The US growth and inflation picture has changed significantly and that’s reflected in the eventful rise in Treasury yields that we’ve already seen this year. We think yields will continue to rise and the 10-year bond yield could potentially increase towards 2.25%.
This anticipation can be attributed to three factors: expectations of where rates could reach this cycle, a potentially higher term premium, as well as the macro picture. Investors aren’t happy owning treasuries at these low yield levels.
The US output gap has closed and the recent unemployment and wage numbers bear that out. This fully justifies the Federal Reserve’s (Fed) aggressive U-turn over the past three months. The central bank is now talking about quantitative tightening going forward, compared with mild tapering previously. ‘Transitory inflation’, the buzzword most of last year, has kicked dust and central banks across the board have had enough of that phrase.
The Fed still thinks that inflation is going to fall from the supply-side angle over the course of this year. But they are gearing up to tackle cyclical inflation pressures, which are on their way up. The market has priced in three Fed hikes for this year, but we think more can potentially happen. We think the market pricing in a peak in Fed rates of around 1.7% is just too low considering the macro changes that we are seeing.
At the beginning of last year growth looked good and inflation wasn’t an issue. But the picture changed as a new variant of the virus kicked in after the summer. Also, the inflation coming through was generally seen as damaging for growth, consumer demand and businesses. That’s why we think the curve flattened and yields were low.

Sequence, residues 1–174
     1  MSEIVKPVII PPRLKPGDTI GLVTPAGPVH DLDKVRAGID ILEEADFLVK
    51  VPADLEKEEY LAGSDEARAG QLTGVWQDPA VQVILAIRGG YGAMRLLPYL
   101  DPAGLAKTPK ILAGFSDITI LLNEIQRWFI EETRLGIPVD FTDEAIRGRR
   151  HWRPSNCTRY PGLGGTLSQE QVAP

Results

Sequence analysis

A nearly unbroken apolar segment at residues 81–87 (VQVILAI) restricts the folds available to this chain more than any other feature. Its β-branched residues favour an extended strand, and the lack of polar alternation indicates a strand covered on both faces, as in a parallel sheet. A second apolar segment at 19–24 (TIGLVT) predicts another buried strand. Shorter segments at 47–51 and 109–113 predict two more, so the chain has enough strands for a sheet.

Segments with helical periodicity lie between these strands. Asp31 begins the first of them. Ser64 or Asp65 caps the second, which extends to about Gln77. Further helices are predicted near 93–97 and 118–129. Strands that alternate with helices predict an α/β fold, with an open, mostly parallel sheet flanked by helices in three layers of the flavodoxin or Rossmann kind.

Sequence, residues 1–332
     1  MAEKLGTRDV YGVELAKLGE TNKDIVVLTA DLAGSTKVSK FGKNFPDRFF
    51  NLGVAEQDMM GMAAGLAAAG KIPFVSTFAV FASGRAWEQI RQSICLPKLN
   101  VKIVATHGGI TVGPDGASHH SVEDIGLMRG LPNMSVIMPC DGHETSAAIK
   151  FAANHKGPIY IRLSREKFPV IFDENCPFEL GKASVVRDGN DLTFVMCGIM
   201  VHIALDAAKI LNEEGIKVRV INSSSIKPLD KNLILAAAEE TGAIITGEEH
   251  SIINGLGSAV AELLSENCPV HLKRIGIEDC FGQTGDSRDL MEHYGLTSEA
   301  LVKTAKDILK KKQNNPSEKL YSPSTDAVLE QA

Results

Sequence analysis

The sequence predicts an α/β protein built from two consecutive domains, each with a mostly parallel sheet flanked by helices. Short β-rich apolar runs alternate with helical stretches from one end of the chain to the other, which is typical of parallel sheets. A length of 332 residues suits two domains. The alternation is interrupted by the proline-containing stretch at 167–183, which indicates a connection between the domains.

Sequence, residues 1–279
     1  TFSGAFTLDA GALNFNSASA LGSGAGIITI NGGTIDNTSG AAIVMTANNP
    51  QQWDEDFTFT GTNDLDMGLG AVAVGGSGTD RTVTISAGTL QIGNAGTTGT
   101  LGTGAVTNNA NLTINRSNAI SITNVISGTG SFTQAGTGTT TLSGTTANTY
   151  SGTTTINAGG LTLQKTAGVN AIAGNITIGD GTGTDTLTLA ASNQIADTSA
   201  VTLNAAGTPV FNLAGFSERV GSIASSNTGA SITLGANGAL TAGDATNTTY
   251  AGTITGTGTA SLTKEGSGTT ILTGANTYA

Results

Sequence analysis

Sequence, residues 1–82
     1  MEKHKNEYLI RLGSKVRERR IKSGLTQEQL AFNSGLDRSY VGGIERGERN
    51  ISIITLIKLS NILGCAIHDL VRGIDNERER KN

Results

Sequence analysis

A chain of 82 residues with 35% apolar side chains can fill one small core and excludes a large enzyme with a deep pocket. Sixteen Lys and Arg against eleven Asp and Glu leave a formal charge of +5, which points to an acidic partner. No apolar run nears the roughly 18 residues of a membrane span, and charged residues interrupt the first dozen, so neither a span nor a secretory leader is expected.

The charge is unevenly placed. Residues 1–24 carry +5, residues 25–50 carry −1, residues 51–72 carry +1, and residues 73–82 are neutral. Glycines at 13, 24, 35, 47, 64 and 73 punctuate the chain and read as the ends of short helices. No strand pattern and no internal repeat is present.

Now, the virus scene is set to get better. Supply-side issues are starting to ease up, which is good for growth. Even if this causes inflation to ease a bit over the course of this year, the Fed can’t relax. Financial conditions over the last year have eased a lot and they’re still very easy, while the market has done little to tighten the conditions. That’s why the Fed has gone into overdrive. But I don’t perceive the market impact from this to be as negative as a lot of people think. The situation is clearly bad for duration, a measure of a bond price’s sensitivity to changes in interest rates, but good for risk markets overall.
The US needs to tighten as growth is looking better across the board. If the virus does ebb it should be a positive for global growth and will help rectify supply chain issues. This scenario should keep the dollar in check. They may also ensure that we don’t see a repeat of 2018 when the dollar rallied as the Fed hiked, even as growth in the rest of the world slumped.
Treasury yields should rise across the board and the front end of the curve – up to 10 years – could potentially steepen. As US yields rise, volatility is going to pick up but I don’t think it will be too aggressive because the cyclical picture does look pretty good.
The European Central Bank should also look to tighten, although China is a wild card. The growth picture is getting a bit more supportive, but we certainly think it is reflected quite heavily in markets already.
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